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All Or None
Let's say you want to buy some stocks, and you decide to buy 100 shares at $15. You tell your broker you want an All or None (AON). If your broker can't find 100 shares of whatever stock you want at $15, she buys nothing. You've basically told her to go whole hog or abandon ship.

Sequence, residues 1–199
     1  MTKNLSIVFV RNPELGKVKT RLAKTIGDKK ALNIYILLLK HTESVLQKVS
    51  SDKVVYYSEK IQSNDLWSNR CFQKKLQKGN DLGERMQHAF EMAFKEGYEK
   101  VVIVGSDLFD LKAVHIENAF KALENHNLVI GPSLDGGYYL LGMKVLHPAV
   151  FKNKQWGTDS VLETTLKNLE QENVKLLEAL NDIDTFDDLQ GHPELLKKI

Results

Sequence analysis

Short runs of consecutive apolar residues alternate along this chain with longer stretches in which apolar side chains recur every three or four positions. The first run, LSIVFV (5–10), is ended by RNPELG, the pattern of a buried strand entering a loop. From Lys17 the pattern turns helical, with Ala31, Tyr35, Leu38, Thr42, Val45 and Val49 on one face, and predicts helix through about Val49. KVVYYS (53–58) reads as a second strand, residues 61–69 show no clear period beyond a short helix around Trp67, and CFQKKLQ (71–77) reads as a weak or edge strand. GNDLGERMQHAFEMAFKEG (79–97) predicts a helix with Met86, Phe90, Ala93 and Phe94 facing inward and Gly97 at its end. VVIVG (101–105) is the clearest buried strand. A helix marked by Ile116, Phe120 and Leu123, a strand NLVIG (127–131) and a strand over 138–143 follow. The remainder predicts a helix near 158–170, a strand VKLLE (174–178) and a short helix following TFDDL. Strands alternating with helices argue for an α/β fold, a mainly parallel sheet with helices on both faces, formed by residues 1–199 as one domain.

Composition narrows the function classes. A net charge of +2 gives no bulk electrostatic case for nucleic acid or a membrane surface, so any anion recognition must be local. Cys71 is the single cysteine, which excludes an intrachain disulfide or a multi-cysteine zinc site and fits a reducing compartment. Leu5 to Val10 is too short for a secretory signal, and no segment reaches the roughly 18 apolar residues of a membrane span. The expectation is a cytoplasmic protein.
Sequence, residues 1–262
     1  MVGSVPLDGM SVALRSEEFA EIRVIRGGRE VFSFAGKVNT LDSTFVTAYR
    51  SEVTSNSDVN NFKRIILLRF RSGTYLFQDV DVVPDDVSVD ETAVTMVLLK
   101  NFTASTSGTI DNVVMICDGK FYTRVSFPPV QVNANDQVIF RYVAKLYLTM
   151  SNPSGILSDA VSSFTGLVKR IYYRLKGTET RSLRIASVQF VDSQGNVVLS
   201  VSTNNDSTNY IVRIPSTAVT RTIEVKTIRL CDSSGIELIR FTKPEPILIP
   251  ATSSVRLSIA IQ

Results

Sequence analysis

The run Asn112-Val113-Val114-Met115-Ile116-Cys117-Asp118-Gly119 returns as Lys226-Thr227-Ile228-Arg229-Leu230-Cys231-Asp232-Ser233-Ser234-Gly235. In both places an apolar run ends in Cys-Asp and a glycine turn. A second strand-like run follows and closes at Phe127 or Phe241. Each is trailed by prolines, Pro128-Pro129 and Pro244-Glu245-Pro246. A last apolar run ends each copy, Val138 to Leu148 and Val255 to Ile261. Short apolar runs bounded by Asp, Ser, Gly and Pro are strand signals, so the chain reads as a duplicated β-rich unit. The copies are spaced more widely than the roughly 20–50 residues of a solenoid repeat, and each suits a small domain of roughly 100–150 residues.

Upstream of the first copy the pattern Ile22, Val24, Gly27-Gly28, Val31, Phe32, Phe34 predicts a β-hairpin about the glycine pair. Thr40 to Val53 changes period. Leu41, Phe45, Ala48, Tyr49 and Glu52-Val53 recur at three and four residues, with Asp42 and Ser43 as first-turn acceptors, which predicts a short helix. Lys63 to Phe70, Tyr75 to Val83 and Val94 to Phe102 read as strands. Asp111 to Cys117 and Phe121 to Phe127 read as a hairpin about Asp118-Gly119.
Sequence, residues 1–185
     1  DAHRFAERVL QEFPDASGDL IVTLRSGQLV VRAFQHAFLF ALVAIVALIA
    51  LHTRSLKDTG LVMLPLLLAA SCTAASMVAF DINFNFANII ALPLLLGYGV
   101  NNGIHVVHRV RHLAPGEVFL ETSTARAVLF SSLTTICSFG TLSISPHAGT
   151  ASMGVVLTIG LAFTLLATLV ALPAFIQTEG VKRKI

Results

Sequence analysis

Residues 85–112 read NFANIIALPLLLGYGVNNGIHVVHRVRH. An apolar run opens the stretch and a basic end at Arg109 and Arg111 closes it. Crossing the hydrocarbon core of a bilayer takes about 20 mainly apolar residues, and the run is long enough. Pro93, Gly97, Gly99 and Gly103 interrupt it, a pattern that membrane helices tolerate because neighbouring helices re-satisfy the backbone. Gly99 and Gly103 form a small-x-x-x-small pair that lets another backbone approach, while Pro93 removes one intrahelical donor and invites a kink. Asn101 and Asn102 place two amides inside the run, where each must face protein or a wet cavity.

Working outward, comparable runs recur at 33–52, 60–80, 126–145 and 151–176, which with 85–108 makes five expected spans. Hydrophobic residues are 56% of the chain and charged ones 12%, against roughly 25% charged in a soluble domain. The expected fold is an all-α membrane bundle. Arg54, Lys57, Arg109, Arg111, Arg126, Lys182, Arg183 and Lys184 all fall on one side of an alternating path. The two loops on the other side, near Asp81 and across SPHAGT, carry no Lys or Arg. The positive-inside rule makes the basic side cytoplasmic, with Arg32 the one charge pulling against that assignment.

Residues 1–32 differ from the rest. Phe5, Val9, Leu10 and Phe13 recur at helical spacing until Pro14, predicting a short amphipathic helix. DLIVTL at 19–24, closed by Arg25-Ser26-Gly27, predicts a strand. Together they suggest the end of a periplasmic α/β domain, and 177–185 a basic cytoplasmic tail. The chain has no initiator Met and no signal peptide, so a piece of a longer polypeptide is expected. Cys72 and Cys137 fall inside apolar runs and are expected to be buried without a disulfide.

Imagine if Warren Buffett decided to buy up 10% of Netflix (yes, it would mean the world was ending... but that's a separate story). NFLX stock would almost certainly shoot up a ton. So let's say his brokers were told that it was an all or none order. If his brokers are able to grab the 10% before anyone gets a wind of the deal, Sir Warren ends up with a big chunk of a company stock that's about to go sky-high in price. Thanks for the easy money. But if he gets about 2.3% and then his brokers start hemming and hawing very politely, he's stuck. He either has to pay more for the 7.7% (he wanted to get to 10%—and now that everyone's onto him, those stocks are going to be more expensive) or he can turn around and sell the 2.3% so that he has no part of Netflix. Then he'd better hope for another Miley Cyrus scandal to get the heat off his own story.